The Best Way To Peel Pearl Onions And Save Yourself Some Effort

Adding pearl onions to stews and soups is one simple way to incorporate a burst of delightful flavor into your dishes, so they're great to have on hand in the pantry. However, the process of peeling these tiny alliums can be painstaking and downright frustrating. The solution? Blanching them first.

Pearl onions are not like your regular onions. They have a subtle but sweet taste (thanks to being harvested while still small and young), thus they add a delicious flavor without overpowering your other ingredients. You can prepare them in different ways, from sauteing or glazing to roasting or pickling. Moreover, they're tiny, therefore, you can use them whole to make your braises, gratins, and stews more visually appealing.

But their miniature size is one of the reasons they're such a pain to peel — for you to make a tasty meal, you'll need quite a few of them, forcing you to spend more time individually removing those papery skins. Secondly, pearl onions require effort to peel because they have a more securely attached skin than other types of onions. This is where the blanching method comes to the rescue.

The blanching method explained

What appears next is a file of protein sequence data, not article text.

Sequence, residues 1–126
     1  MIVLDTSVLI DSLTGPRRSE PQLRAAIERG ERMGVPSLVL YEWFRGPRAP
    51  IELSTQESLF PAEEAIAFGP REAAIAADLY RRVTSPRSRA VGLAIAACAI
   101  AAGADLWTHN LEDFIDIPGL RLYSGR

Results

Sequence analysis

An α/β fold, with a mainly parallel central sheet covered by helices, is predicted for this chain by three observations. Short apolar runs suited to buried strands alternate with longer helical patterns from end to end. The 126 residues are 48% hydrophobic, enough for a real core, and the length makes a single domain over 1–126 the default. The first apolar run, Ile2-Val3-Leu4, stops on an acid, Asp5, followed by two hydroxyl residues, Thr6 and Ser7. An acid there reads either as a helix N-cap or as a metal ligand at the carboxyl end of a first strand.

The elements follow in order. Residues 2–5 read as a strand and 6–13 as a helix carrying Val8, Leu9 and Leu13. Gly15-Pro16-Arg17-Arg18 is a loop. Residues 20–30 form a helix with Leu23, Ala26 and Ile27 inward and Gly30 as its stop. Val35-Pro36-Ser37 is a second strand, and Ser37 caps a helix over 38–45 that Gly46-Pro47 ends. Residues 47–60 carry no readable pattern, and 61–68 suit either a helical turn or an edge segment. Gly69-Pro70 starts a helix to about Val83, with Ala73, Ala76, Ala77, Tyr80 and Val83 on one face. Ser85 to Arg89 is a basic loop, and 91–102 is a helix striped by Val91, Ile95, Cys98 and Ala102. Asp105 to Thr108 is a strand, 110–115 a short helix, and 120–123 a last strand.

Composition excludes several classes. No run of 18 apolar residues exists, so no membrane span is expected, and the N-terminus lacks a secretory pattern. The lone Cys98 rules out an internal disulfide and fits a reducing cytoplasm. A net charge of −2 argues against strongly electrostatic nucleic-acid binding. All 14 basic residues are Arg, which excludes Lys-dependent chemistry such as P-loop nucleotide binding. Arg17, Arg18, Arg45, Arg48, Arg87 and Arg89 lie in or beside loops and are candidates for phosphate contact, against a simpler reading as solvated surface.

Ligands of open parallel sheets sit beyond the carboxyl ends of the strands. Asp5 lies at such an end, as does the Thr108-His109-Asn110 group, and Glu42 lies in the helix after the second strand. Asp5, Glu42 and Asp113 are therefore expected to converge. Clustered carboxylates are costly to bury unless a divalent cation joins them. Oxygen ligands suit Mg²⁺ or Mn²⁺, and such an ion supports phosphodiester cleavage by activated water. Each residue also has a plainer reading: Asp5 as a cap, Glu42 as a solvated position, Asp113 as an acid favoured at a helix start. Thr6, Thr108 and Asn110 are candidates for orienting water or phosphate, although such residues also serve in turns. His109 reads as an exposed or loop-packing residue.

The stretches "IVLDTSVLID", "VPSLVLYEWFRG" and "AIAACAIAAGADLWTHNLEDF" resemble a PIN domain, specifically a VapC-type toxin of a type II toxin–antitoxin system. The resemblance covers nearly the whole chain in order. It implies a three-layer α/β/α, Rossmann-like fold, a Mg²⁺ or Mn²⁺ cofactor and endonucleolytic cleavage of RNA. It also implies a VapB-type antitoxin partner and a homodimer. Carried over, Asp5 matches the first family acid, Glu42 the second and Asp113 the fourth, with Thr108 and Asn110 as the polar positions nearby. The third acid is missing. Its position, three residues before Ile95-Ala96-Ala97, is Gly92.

Before you begin, gather all the required kitchen equipment: a stock pot or a saucepan, a chopping board, a paring knife, a large mesh sieve, and a large bowl. Once you have your onions and tools ready, use high heat to boil water in the pot. In the meantime, prepare an ice bath by putting several handfuls of ice cubes in the large bowl and filling it with water.

The goal is to loosen the skins, so go ahead and dip the onions into the boiling water ensuring they are all submerged. Let them boil for about two minutes, then use the sieve to drain them. The next step is to shock the onions in the ice water bath to stop the cooking process. This will also cool them to prevent you from getting burnt when peeling. Only keep the onions in the cold water for about five minutes. After that, remove them and use a paring knife to cut off their roots. The final step is simply squeezing the stems and popping the onions out of their skins. Follow this guide and you'll be surprised at how fast you can peel your next batch of pearl onions.